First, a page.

The Greatest Showman
By Ken Zurski
In a scene from the movie musical “The Greatest Showman,” Hugh Jackman as P.T. Barnum proclaims that he doesn’t need a building to put on a show, “All we need is a tent,” he says. The scene seems to suggest that Barnum came up with the idea of using a tent to house a circus-type show. Fair enough, especially for a dramatized movie script, but not entirely true.
While Barnum eventually did use tents to put on a show, the idea to stage circus acts under a temporary shelter actually dates back to 1825 by a man named J. Purdy Brown who used small canvas tents for shows. Although Brown doesn’t get much recognition, the canvas-covering stage idea, then a one-ring circus act, was a revolutionary one.
Eventually in the 1870’s, Barnum took his “Greatest Show on Earth” on the road traveling by train and setting up very large tents which became known as the “Top” or the “Big Top” as we know it today. Under the “Big Top,” there was room enough for three rings. “A crammed company,” as Barnum called it.
So for spectacle and invention at least, like the “three-ring circus,” Barnum gets his due.
Enter St. John Terrell.
Certainly not a household name, St. John (pronounced Sinjin) Terrell was a visionary and showman whose story may not be as fanciful – or as successful – as Barnum’s, but just as entertaining, especially to his audience. Only in Terrell’s case, it wasn’t acrobats, fire eaters and elephants that wowed the crowd, but something much more refined.
Terrell was born in Chicago, Illinois in December 1916. He worked in the circus before transitioning into theater. In 1939, he opened the Bucks County Playhouse in New Hope, Pennsylvania along the banks of the Delaware River. Terrell attracted up and coming Broadway talent who apparently weren’t bothered by the 90-mile distance between the Playhouse and New York City.
But Terrell had something else in mind for his musical theater and like Barnum, all he needed was a tent. The plan was to pitch a tent large enough to fit a stage surrounded by seats. There Terrell could put on shows, mostly operettas, to appreciative audiences.
Inspired by Barnum’s “Big Top”, he would call it “The Music Circus.”
In August 1949, The Music Circus opened in Lambertville, New Jersey, and that’s where it stood for many years. The 75-foot by 105-foot tent was “square-oblong” in shape and sat 800 people. The staging was different too. “Terrell is offering theater in the round,” reported the New York Daily News. “instead of the traditional drama on the half-shell.”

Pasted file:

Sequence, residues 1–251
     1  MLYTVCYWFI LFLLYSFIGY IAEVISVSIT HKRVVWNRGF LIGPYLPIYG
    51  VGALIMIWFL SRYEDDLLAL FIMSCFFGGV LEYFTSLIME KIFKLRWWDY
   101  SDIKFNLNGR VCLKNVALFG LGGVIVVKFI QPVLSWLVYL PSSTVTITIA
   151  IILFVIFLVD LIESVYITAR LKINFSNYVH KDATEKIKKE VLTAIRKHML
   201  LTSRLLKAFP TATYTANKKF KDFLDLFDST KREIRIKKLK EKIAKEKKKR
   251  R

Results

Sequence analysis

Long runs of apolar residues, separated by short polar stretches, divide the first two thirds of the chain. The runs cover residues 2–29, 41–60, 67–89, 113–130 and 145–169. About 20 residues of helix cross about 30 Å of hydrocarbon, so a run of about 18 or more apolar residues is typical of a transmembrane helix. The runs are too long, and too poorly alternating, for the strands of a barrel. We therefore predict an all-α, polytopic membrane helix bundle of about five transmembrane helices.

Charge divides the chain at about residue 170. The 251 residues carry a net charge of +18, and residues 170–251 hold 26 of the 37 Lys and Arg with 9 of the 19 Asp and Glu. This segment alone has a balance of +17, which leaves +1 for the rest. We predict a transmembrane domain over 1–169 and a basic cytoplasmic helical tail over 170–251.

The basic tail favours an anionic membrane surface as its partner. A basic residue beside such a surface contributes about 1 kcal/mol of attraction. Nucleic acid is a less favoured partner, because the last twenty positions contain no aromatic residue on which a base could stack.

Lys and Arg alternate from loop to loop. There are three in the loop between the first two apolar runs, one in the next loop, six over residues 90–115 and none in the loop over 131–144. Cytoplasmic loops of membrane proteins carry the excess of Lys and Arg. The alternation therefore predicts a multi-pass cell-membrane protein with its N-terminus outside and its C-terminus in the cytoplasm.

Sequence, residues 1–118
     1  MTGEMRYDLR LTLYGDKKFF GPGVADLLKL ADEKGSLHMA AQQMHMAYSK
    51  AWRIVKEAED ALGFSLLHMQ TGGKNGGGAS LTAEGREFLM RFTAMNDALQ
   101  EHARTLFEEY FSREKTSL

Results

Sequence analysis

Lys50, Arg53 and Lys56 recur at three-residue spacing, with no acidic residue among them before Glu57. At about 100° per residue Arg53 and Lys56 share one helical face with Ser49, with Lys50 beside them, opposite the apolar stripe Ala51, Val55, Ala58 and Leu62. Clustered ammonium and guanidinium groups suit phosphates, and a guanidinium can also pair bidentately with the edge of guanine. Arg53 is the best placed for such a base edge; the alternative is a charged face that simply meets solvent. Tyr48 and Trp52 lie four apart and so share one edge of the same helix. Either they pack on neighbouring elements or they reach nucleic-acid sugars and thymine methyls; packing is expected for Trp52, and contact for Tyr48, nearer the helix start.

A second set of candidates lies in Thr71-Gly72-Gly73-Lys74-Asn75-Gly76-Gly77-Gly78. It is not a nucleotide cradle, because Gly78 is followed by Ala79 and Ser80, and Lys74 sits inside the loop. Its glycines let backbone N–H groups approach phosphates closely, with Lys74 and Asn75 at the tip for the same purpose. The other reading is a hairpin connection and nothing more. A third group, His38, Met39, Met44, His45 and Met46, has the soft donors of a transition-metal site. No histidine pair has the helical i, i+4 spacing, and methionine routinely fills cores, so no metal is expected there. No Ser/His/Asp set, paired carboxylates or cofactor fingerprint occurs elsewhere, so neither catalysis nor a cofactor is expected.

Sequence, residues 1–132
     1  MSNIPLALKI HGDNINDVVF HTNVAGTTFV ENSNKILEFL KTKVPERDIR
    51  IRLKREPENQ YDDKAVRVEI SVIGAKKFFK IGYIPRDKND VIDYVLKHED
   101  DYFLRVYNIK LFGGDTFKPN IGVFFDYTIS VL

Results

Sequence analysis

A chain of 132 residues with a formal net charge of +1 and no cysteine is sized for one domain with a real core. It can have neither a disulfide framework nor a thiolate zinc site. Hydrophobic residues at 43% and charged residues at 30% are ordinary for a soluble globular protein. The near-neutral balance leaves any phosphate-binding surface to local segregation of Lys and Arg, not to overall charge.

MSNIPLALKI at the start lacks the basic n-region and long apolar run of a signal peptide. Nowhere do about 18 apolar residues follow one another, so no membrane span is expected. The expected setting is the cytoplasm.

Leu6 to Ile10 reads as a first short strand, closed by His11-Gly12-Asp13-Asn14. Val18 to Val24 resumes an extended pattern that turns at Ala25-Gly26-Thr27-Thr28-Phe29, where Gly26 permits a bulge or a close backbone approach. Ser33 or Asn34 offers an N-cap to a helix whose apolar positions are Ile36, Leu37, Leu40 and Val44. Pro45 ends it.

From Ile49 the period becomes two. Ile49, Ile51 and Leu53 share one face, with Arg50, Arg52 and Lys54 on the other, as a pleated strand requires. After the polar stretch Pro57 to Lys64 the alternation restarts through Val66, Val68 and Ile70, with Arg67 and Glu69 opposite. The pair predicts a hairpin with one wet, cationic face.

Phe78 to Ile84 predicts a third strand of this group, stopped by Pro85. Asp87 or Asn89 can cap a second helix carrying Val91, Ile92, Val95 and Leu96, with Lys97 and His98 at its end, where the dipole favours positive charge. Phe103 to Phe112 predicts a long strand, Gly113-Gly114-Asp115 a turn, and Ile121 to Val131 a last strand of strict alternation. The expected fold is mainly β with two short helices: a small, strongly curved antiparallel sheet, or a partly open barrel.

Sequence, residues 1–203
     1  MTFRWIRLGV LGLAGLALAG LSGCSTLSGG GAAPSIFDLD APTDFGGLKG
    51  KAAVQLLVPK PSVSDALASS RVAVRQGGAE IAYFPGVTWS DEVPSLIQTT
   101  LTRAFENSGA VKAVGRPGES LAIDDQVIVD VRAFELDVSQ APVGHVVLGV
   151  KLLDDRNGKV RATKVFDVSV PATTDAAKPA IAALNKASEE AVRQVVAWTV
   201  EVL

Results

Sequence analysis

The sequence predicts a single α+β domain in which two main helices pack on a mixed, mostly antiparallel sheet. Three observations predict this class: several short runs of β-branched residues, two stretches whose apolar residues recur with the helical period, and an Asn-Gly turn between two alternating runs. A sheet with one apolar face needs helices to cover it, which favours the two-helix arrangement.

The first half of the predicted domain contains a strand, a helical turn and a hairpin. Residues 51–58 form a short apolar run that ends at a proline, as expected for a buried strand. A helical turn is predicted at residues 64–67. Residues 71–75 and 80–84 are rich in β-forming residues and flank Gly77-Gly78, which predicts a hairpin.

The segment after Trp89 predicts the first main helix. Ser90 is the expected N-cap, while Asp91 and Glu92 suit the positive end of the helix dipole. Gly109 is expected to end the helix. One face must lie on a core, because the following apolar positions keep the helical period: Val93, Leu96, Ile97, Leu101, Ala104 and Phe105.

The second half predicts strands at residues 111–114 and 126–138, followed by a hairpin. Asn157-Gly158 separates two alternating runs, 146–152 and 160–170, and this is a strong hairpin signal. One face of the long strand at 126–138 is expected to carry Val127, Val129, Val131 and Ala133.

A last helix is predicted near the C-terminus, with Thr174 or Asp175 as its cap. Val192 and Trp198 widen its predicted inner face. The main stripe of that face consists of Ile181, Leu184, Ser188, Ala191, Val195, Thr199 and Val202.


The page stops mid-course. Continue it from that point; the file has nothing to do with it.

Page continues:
One of the first productions was Noel Coward’s “Bittersweet.” “Once you are used to the absence of scenery and adjusted to being part of the show, it’s a lot of fun,” the Daily News added. “During the love scenes between Wilbur Evans and Dorothy Sandlin, well, they’re quite close.”
Every Christmas, Terrell would play General George Washington in a staging of the famous crossing of the Delaware River at the actual site near Trenton, a tradition he carried on for 25 years. The idea was originally planned as a publicity stunt for the Music Circus in 1952. “He jokingly mentioned during a speech that George Washington was going to cross the Delaware and word made it to the editor of the local newspaper,” a Trenton historian noted about Terrell’s first mock crossing. He had no choice but to follow through.
Today in nearby West Amwell Township, New Jersey, a historical sign stands near the original location of the Music Circus. It reads in part: “From 1949 to 1971 many famous film and stage starts got their start in one of the country’s first tent theaters.”
Over the years, the term “music circus” faded. However, variations of the tent idea are still being used by summer stock theater groups throughout the world.
Not just Barnum.
Thank St. John Terrell for that.
By Ken Zurski
In 1848 a mansion went up in the scenic countryside of Connecticut that looked oddly out of place for its location. Not only was it very large, occupying 17 acres of land, but the building itself with its exotic Indian influenced architecture looked like something you might spot in far off Mumbai or New Dehli, not Fairfield, near Bridgeport, Connecticut’s largest city.
All this was the creation of one man who commissioned the building of the mansion as a “permanent residence” for his family. His name was Phineas Taylor Barnum, better known as P.T. Barnum.
Barnum called his new home the Iranistan.
Barnum’s inspiration for Iranistan was the Royal Pavilion in Brighton, England, a place he visited while doing a tour of Europe with his star attraction at the time, the 25-inch tall man known as Tom Thumb. Unlike others, Barnum was greatly pleased by what he saw. “It was the only specimen of oriental architecture in England, and had not been introduced into America,” he wrote.